• Needs to have enough incentives for unemployed people to want to work

    • Needs to have incentives low enough for employed people to stay in their old job


Future of social insurance?

  • Academics are starting to study alternate ideas to help the poor

    • Providing benefits to those most in need, rather than those that are already “in the system”

    • “One-stop shopping” for help

    • Faith-based support

      • Government provides cash to the faith-based organization, and the organization provides the service


Overview


Summary: Welfare programs for the poor

  • Many programs exist to support poor people

  • Some programs give little economic incentive to work

    • Exception: Earned income tax credit


Recall Timothy

  • Timothy is currently working 1,500 hours per year

    • Hourly wage is $10

    • He also receives government health care, valued at $3,000 per year

  • Timothy could work a second job for 700 hours per year

    • Hourly wage is $8

    • With the second job, Timothy would make too much money for government health care


Now we add value to leisure

  • New problem

    • Tabitha has 24 hours per day

      • Each hour can be used only for labor (L) or leisure (l)

      • Tabitha’s wage is $10 per hour worked

      • She receives $5 in Medicaid benefits per day if she earns no more than $60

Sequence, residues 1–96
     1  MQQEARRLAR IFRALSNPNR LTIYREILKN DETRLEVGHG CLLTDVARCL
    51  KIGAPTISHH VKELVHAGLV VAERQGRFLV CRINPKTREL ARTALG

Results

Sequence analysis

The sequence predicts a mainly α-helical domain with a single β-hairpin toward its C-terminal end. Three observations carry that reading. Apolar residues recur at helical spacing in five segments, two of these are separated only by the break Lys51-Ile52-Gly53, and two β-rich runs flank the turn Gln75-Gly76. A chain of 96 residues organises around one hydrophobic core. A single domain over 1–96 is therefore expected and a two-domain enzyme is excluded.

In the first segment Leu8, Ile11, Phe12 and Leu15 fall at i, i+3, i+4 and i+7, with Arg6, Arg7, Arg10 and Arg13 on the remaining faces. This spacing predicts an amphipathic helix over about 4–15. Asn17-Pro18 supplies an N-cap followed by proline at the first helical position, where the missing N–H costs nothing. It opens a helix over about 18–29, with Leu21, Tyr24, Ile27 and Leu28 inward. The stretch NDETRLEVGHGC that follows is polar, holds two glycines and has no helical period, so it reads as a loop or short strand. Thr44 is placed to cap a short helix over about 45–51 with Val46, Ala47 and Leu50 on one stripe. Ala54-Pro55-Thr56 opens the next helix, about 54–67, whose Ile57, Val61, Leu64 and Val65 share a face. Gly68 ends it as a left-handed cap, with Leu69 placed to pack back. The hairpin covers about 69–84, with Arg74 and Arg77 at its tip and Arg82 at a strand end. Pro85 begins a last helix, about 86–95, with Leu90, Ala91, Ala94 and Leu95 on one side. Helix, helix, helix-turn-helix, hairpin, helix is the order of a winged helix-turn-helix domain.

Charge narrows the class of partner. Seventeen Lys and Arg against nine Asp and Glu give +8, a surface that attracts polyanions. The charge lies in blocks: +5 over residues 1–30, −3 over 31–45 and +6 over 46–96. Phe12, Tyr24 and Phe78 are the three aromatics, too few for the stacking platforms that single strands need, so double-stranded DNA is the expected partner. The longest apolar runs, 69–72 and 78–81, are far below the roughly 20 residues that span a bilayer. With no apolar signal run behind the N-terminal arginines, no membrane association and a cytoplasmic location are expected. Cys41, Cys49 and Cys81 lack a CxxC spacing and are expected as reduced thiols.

• M denotes the daily earnings plus Medicaid benefits, if any

    • Tabitha has the following utility function

      • U(M, l) = 2(M½) + l


Tabitha’s problem

  • Two cases

    • No Medicaid benefits

    • Work 6 hours or less and receive Medicaid benefits


No Medicaid benefits

  • Maximize 2(M½) + l

    subject to (M/10) + l = 24

  • Same as Maximize 2(M½) + l

    subject to l = 24 – (M/10)

  • Same as Maximize 2(M½) + 24 – (M/10)

  • FOC set equal to 0: 1/M½ – 1/10 = 0

  • M = 100

    • 10 hours worked, 14 hours of leisure


What is Tabitha’s utility w/o Medicaid?

  • 10 hours worked, 14 hours of leisure

  • U(100, 14) = 2(100½) + 14 = 34


What about if she works less?

  • Notice that this problem is almost the same

  • Maximize 2(M½) + l

    subject to (M/10) + l = 24.5

    • The Medicaid benefit acts like 0.5 hour of work benefits

  • Using the same steps as previously, M = 100

    • We can’t work that much to get the benefit, so the closest we can get is by working 6 hours

      • Total M is 65 ($60 in wages, $5 in Medicaid benefits)


What is Tabitha’s utility with Medicaid?

  • 6 hours worked, 18 hours of leisure

  • U(65, 18) = 2(65½) + 18 = 34.12


What should Tabitha do?

  • If she works 10 hours (no Medicaid benefit)…

    • U(100, 14) = 2(100½) + 14 = 34

  • If she works 6 hours (with a Medicaid benefit)…

    • U(65, 18) = 2(65½) + 18 = 34.12

  • Tabitha should work 6 hours and accept the Medicaid benefit

$5


How do we solve poverty?